how-to-create-new-good-habits-296x300Today we will be discussing the Power of Habit. You’ve all probably had an experience with a client that has said to you something along the lines of “I don’t know what happened, I just found myself eating pizza” or “I couldn’t help myself” or “I just went on auto-pilot.” They really have no idea how they found themselves in that situation and then they really beat themselves up over it. They tell themselves that they just can’t overcome these things or there isn’t any way to control them. Or maybe they believe that they are just self-sabotaging themselves, or that they really don’t want to lose weight. However, what they are in fact experiencing is a habit.
A habit is a repeated pattern of behavior that LITERALLY changes our brain and creates a “neural pathway” in our nervous system. This means, that it very easy for us to slip back into old habits because they have become a part of our biology. That’s right, they become part of us. It’s just like the old saying “it’s just like riding a bike” which of course means that even 20 years from now you could get back on a bike and all the movements would come right back to you. This is because when you were younger you developed a neural pathway that made these movements almost second nature. The same thing happens with unhealthy eating. These patterns of behavior become so ingrained into a person’s lifestyle that it becomes a part of them.
This doesn’t mean that the client is helpless… on the contrary! Since they changed their biology in creating unhealthy habits then they can change their biology in creating healthy habits! The first thing is to recognize that habits are like making a peanut butter and jelly sandwich. Now, just follow me here. I want you all to imagine making a peanut butter and jelly sandwich. It’s simple enough, right? We all know how to make one; you just do it! Just as simple as that. But, if we actually take the time to imagine ALL the steps it takes to make a peanut butter and jelly sandwich then it becomes much more complex. Let’s think about it:
Step 1: Decide you want a peanut butter and jelly sandwich.
Step 2: Go into the kitchen.
Step 3: Grab the bread from the pantry.
Step 4: Grab the peanut butter from the pantry.
Step 5: Grab the jelly from the refrigerator.
Step 6: Grab a plate from the cupboard.
Step 7: Grab a knife from the drawer.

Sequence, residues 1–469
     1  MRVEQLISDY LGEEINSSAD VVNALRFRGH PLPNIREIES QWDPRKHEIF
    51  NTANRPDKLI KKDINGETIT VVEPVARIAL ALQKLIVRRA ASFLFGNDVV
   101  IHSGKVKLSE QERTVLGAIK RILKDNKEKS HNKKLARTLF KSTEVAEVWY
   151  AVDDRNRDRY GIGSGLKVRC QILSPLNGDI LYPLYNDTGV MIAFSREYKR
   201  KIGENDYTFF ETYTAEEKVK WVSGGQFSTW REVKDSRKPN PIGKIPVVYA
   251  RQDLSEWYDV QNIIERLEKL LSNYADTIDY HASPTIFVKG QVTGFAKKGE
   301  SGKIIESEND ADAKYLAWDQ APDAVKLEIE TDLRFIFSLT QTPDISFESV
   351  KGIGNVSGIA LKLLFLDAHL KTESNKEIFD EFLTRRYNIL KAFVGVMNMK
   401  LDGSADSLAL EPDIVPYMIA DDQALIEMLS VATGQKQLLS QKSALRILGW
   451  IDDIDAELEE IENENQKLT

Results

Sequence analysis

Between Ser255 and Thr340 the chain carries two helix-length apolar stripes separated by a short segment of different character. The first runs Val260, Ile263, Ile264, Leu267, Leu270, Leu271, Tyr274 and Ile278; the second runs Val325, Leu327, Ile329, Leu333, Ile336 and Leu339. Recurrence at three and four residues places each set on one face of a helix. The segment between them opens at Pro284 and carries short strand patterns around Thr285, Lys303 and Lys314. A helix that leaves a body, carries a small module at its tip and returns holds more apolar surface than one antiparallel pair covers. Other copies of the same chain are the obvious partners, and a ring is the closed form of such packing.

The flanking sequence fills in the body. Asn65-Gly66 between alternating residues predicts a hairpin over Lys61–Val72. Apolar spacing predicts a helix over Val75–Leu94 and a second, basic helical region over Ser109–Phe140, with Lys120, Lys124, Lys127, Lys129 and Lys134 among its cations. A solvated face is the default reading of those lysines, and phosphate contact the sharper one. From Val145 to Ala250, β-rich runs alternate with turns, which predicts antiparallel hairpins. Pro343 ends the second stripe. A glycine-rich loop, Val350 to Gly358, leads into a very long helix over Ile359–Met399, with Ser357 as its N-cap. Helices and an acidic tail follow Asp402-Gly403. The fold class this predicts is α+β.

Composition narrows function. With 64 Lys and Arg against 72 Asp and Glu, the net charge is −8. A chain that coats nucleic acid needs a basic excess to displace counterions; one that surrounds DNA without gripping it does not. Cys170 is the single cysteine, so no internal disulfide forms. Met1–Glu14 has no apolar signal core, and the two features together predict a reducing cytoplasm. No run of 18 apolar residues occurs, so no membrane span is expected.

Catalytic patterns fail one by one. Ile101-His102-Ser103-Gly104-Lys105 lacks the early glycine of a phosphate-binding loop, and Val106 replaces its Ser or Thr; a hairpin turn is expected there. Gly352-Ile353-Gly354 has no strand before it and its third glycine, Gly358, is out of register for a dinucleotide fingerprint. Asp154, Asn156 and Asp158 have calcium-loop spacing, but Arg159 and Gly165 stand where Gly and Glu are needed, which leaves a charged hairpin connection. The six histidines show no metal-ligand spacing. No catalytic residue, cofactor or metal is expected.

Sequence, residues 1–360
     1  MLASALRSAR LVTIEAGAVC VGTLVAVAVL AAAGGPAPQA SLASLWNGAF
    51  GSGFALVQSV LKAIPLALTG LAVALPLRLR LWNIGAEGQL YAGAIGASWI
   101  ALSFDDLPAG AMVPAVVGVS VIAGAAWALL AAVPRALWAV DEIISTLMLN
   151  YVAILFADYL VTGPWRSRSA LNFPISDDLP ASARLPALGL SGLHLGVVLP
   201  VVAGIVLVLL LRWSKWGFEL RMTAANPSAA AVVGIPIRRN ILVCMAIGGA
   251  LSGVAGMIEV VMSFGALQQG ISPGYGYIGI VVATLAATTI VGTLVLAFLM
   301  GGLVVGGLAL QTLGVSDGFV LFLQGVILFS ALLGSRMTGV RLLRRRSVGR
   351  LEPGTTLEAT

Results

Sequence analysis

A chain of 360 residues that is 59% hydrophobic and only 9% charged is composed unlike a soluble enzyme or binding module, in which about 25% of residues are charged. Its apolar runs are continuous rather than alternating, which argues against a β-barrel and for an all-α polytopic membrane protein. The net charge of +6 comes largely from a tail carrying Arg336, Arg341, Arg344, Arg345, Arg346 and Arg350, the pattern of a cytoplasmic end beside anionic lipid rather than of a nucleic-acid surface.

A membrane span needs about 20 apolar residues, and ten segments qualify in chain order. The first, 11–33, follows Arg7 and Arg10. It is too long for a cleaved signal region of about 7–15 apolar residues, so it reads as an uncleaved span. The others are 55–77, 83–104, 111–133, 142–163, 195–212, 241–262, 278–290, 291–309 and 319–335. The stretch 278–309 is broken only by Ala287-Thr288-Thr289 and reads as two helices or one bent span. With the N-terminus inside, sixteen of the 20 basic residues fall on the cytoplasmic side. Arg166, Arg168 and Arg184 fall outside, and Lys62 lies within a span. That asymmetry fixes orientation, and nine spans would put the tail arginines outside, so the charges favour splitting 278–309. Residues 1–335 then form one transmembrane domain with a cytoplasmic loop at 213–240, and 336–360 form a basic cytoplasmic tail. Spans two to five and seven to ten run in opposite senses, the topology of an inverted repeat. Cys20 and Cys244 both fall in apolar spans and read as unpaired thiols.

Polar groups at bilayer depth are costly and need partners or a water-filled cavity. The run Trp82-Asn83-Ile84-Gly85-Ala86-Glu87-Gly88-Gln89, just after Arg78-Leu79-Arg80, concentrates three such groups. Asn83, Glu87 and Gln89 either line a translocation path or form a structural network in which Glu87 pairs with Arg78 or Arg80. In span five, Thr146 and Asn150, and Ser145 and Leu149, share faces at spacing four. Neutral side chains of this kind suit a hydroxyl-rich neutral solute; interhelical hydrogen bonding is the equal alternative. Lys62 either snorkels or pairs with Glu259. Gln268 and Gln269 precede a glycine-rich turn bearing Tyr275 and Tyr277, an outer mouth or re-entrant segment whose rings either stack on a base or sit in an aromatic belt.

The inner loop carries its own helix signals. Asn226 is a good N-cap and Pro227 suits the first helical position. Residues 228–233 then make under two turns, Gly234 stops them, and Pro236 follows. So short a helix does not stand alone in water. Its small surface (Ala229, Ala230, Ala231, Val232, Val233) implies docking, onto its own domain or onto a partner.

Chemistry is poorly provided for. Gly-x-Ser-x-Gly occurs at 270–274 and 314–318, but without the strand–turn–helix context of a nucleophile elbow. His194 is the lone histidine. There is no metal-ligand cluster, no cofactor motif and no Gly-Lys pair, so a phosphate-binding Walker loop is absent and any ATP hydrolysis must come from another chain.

And so on and so forth…
I think you see my point. It takes WAY more steps to complete than we originally thought. This is the exact same thing for habits. We tend to see an unhealthy habit as just a motion we go through but in reality we go through MULTIPLE steps. This is really great news because that means the client has multiple chances to interrupt the habit! So, here’s what we do… Help the client to think through their habits and identify all the steps it actually takes them in order to complete the unhealthy behavior. Write these steps down. Decide which steps would be the easiest to interrupt? Which steps are the easiest to notice? What can they do once they catch themselves? This way when they are about to go “on auto pilot” they will be more aware of what they are doing and have a better chance at stopping themselves.
Remember that it is not our job to give the client all the answers; in fact, doing so only helps them to become dependent upon us instead of taking responsibility for their own actions. Help to guide them through their own answers to the questions. A few questions you can ask them are: What happens right before you go on “auto-pilot”? What are you thinking or feeling right before you engage in unhealthy eating habits? What happens right after you engage in unhealthy eating habits? What are you thinking or feeling right after you engage in unhealthy eating habits? What were the steps that led up to the unhealthy eating? What were the emotions that triggered the unhealthy eating? Guide them to recognize their own thoughts, feelings and behaviors.
Now, if the client asks for some advice directly from you, here are a few tips you can give them to help:
1) Practice patience. It can take as many as 180 days to truly drop an old habit and adopt a new one, so tell them to stay with it!
2) Celebrate catching themselves. When they are able to interrupt the habit at any one of the steps be sure they celebrate this! Tell them not to just say “oh, here I go again” instead have them say “Yes! I was able to catch myself from doing this.”
3) Use cues to help themselves. Have them set up reminders for themselves such as photos or magazine clippings of something that represents an important metaphor for their goals. Note: unrealistic or perfectionistic images (such as supermodels) don’t work quite as well.
4) Get help. Have them ask themselves “Who can support me? Who will be my ally? Who is on my team?”
Remember that habits are going to be different for every client that comes through the door and it is incredibly important that we recognize that every person’s path to changing these habits will be unique. Some will have a much more difficult time with habits than others. Some will conquer their habits only for them to come back months later. The most important things for us to remember are 1) to practice patience ourselves, sometimes it can seem that we want the client to lose weight more than they do but we have to remember what they are truly up against and 2) that all we are really doing is making offerings for the client to explore themselves, they need to take the responsibility to change themselves. Don’t be the teacher, don’t give them the answers. Instead, be their guide, be their ally, be their cheerleader and stick with them as they go through their journey.
By Nick Frye, Behavorial Specialist/Medifast/TSFL

The Power of Habit

09.15.13 |